We’ve had one of those incidents recently where you’re glad for the experience, but saddened that you have to get the experience.
I’m talking about net removals, which we do here in Kota Kinabalu’s TAR Marine Park on average once a month.
Being a marine reserve, fishing with nets is actually illegal in the Tunku Abdul Rahman Marine Park. Still, sometimes you get the rogue fisherman who, for whatever reason, takes a chance and drops his net in the hopes of a quick catch.
Often, they get stuck. An expensive exercise for the fisherman who loses his net – not cheap, and damaging to the reef and the park’s environment.
We discovered this net last week and reported it to the authorities – it was choking one of the most beautiful and healthiest reefs in the park.
After one of our instructors, Wellson, spotted a small blacktip reef shark that got caught in the net and died, we decided to jump in and get rid of the net as soon as possible.
It was a tricky one, because it was entangled all the way from the shallow coral block at the top of the reef, down to more than 35m deep to the sandy bottom.
Luckily our resident PADI Course Director Richard has access to not only the experienced Downbelow staff, but on this occasion also a crew of enthusiastic Divemaster interns, for who it would give invaluable experience for their future careers.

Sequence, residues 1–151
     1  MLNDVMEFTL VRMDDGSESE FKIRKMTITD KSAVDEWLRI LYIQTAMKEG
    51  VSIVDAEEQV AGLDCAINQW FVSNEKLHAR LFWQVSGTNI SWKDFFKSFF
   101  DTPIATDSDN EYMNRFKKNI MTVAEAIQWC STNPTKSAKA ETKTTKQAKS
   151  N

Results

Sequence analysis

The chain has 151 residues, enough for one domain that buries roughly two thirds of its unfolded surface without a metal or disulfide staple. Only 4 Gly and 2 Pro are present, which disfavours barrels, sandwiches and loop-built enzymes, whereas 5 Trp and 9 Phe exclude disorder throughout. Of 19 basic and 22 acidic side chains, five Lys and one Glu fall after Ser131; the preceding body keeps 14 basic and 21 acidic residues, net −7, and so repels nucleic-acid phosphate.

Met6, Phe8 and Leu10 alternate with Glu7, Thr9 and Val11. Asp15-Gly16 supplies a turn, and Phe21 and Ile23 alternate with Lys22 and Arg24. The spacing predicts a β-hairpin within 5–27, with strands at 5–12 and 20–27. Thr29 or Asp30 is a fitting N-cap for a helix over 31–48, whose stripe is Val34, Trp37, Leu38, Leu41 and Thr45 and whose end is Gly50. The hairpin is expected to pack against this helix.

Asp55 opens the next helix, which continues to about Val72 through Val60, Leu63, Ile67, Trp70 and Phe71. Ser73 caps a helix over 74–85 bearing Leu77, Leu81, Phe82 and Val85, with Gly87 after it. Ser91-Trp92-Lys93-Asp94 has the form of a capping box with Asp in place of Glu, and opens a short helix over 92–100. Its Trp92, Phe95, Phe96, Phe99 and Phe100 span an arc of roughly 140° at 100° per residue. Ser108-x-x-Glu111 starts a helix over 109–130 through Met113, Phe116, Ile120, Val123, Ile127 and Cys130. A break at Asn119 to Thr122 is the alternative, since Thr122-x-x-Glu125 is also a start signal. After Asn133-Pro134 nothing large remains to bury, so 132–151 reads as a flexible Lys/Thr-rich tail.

During the first dive Richard and Wellson took care of the deeper part of the net, cutting it in half at about 20m.
They took the deeper part of the net back to the surface and, together with the rest of the team, spent 30 minutes picking out and releasing the trapped marine critters, which included crabs, lobster and also the peculiar looking horse-shoe crab.
During the second dive it was all-hands-on-deck as the shallower part of the net was deeply entwined with the reef and required careful and slow removal.
With numbers on our side, we quickly and literally cut the net down to size, freeing the reef once more and chalking up another environmental victory.
Hopefully our interns can apply this valuable experience to their future professional careers and help make the ocean a better place all.